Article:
Deirdre Conner

Allied Leaders - Roosevelt and Eisenhower

Franklin Delano Roosevelt (1882-1945)

Viewed by many as the greatest American president, Franklin Delano Roosevelt not only helped bring the United States out of the Great Depression, but also led the country through World War II. Elected to an unprecedented four terms in office, Roosevelt never saw the final victory he worked so hard for.

Born in 1882 in Hyde Park, New York, Roosevelt graduated from Harvard in 1903 in only three years and attended Columbia law school, passing the bar exam before receiving his degree. After a political career that led to the governorship of New York, Roosevelt became president in 1933, the height of the depression.

Preparing him for the role of Commander-in-Chief was his appointment to Assistant Secretary of the Navy in 1913, where he had much popularity and success. He was given this position by Woodrow Wilson for his support in Wilson's presidential campaign (he did not support his cousin, Theodore Roosevelt)( He was delighted with his new post, saying, "I now find my vocation combined with my vocation in a delightful way," his hobby being ships and naval history; his vocation politics. He learned much from his superior, Secretary of the Navy Josephus Daniels, who taught him much about national politics and ways to get along with Congress. Experience on the job during World War I working on wartime projects such as planning to lay antisubmarine mines in the North Sea. He toured European battlefields and conferred with military leaders overseas. He became known as a man who “got things done,” winning him status as a national figure (Freidel 414).

P51 Mustang
(Animation by Ken Blandon)

In January 1943, Roosevelt, along with Churchill, proclaimed the doctrine of unconditional surrender. The two leaders met in many wartime conferences, where any differences that they had were solved amicably. Roosevelt seemed to want to avoid the sort of differences of opinion among the Allies and misunderstanding by the Germans that had made trouble at the 1918 Armistice. Debate at these conferences centered around the question of a landing in France. The British successfully managed to delay the invasion of Normandy until June of 1944 ( But it was the decision of Roosevelt to concentrate on the Western front first that ultimately was one of the deciding factors in the victory of the Allies.


Dwight David Eisenhower (1890-1969)

Once the decision to invade France in 1944 had been made, Dwight D. Eisenhower was chosen to head the Allied force that would invade Normandy. Born in Denison, Texas, General, and later to be President, Eisenhower graduated from West Point Military Academy in 1915, a remarkable class that was to produce 59 generals ( In World War I he was promoted to captain and earned the Distinguished Service Medal ( In the 1930s he served as chief of staff to General Arthur MacDouglas in the Philippines. However, prior to World War II, Eisenhower had resigned himself to finishing out a distinguished yet unremarkable military career. However, when the United States entered World War II in 1941, General George C. Marshall put him in charge of the War Plans division. In 1942, he was promoted to lietentant general and given command of the U.S. Army's European Theater of Operations, his first invasion driving the Germans out of North Africa. In 1943, he found himself serving as Supreme Commander, Allied Expeditionary Force, Europe (

Eisenhower was selected to head the Allied invasion force that was to cross the English Channel, land in Normandy, France, and advance into Germany ( “Ike” combined a talent for administration with an affable, commanding, personality that eventually placed him in positions of great power and responsibility, including leading the Allied invasion of Europe in 1944 ( However, Marshall's decision to put him in charge of executing the plan was more political than military. "D-Day is what made Dwight David Eisenhower president. Had it failed, it is unlikely that anyone would have remembered any subsequent successes" (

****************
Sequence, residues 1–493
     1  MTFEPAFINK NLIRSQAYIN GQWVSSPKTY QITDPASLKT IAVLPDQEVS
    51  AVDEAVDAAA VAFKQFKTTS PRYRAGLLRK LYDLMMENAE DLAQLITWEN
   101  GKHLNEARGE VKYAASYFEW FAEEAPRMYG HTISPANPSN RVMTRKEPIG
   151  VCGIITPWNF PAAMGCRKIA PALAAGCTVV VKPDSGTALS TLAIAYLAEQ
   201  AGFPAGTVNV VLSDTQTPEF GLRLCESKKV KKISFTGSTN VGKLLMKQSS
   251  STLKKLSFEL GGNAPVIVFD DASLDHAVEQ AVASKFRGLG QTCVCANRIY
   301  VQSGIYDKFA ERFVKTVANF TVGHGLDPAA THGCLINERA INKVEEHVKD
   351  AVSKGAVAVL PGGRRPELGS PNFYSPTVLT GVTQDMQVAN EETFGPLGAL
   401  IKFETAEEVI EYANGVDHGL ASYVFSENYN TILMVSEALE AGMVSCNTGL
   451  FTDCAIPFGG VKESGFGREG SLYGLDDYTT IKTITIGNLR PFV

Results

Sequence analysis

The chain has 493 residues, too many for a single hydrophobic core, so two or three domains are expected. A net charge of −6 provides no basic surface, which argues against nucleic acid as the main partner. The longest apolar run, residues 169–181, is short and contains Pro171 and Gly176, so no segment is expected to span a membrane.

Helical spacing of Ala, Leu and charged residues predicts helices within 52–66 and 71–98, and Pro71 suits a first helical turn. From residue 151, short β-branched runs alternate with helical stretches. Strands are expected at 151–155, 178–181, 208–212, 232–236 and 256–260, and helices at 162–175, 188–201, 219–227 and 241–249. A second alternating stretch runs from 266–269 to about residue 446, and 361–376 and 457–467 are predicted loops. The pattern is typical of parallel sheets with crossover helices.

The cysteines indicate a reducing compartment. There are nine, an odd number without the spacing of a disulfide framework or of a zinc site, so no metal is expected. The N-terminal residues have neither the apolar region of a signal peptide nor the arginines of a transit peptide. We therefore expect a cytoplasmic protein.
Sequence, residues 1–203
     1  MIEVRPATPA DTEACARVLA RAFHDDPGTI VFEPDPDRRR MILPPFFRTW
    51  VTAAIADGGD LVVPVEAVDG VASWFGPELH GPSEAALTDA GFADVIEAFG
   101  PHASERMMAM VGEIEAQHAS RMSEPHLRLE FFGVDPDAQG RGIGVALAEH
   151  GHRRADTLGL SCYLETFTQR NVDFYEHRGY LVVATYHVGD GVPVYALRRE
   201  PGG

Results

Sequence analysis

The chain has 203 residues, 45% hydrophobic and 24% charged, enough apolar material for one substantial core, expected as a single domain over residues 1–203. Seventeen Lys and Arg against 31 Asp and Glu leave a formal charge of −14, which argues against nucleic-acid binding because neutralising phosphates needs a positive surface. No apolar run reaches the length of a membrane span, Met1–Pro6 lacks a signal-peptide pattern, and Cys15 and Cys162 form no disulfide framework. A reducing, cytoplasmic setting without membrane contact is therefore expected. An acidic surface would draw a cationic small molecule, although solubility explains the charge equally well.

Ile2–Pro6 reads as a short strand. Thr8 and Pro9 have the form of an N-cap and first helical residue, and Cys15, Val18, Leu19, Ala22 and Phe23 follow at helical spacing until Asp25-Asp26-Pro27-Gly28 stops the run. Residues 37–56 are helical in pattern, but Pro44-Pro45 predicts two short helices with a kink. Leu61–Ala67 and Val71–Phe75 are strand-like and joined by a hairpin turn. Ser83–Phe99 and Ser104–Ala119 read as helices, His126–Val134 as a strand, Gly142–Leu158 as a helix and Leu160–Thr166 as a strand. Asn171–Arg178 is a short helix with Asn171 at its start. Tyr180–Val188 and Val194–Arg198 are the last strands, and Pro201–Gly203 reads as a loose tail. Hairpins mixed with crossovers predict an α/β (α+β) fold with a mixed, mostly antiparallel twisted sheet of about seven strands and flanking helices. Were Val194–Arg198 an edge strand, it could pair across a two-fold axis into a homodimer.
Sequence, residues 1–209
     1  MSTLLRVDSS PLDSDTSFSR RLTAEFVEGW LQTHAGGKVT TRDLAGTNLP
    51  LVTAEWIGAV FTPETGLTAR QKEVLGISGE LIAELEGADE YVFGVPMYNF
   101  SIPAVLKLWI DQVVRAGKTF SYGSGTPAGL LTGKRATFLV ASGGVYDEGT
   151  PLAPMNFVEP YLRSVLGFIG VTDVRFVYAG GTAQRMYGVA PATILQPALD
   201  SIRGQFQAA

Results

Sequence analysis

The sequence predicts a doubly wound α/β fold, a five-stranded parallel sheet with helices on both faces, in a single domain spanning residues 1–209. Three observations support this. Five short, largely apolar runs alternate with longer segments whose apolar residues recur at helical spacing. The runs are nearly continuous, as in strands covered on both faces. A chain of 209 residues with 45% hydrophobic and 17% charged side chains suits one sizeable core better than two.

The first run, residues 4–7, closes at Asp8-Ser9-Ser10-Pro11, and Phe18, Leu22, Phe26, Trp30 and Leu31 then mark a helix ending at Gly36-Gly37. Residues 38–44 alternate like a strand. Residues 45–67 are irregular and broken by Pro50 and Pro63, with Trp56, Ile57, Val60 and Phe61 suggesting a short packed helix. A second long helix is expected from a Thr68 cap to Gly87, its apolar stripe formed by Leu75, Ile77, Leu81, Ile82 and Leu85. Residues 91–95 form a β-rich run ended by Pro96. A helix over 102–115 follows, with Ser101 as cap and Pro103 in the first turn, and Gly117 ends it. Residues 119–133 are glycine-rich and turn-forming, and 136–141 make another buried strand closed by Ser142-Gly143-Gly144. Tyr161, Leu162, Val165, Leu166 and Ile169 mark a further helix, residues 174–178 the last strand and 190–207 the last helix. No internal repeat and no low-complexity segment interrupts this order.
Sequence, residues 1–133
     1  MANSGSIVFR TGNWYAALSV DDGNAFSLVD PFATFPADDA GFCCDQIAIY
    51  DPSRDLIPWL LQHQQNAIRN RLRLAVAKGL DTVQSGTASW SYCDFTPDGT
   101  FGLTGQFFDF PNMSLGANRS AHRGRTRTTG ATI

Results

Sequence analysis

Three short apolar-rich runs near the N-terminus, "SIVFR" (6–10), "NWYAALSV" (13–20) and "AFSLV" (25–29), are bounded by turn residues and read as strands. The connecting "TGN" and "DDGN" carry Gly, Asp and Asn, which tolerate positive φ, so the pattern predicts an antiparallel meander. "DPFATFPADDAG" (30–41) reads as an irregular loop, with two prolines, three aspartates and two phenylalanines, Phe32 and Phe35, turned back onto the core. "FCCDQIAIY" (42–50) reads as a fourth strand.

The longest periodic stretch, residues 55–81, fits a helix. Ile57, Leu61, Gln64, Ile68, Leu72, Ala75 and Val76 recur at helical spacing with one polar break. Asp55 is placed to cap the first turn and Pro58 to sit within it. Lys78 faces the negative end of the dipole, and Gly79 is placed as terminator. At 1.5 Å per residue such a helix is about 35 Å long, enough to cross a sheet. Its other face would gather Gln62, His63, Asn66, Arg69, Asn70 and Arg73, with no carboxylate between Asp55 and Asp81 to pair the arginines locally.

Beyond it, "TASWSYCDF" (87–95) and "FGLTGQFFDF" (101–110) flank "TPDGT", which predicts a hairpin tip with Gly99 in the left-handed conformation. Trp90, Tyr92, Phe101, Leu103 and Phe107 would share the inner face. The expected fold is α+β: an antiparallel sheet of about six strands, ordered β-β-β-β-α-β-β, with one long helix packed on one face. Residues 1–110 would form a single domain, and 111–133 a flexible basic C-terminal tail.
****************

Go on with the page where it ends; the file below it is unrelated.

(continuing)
Eisenhower's rapid advancement, after a long career spent in relative obscurity, was due not only to his knowledge of military strategy and a talent for organization, but also his ability to persuade, to mediate, and to be agreeable. Men from a variety of backgrounds and nationalities liked and trusted him, impressed by his friendliness, humility, and persistent optimism ( He was also very personable, knowing just how to play British general Bernard Montgomery, Winston Churchill, and Marshall to hold together the Grand Alliance ( Eisenhower had an open and friendly personality so appealing that both political parties wanted to nominate him for the presidency in 1948! Instead, he turned them both down to become president of Columbia University for 2 years. But in 1952 Eisenhower announced that he would seek the presidency with the Republican nomination, and won over Democrat Adlai E.Stevenson ( He is also something of an enigma. His plan for defeating Germany was direct to a fault; as the war wound down, "Ike," as he was known, completely misunderstood the geopolitical ramifications of Stalin (

For all his military background, Eisenhower despised war. His battlefield experiences once led him to declare, "I hate war as only a soldier who has lived it can, only as one who has seen its brutality, its futility, its stupidity" (

Works Cited

"Eisenhower, Dwight David." Encarta.

"Eisenhower: The Military Career." Encyclopaedia Britannica Online: Normandy 1944. [ The Military Career.html]

"Frankln D. Roosevelt: 32nd President of the United States." []

"Franklin D. Roosevelt: Thirty-Second President 1933-1945."

Guts and Glory: A PBS Documentary.

"Roosevelt, Eleanor." Encyclopaedia Britannica Online. []

"Roosevelt: The War Years." Encyclopaedia Britannica Online. [ The WarYears.html]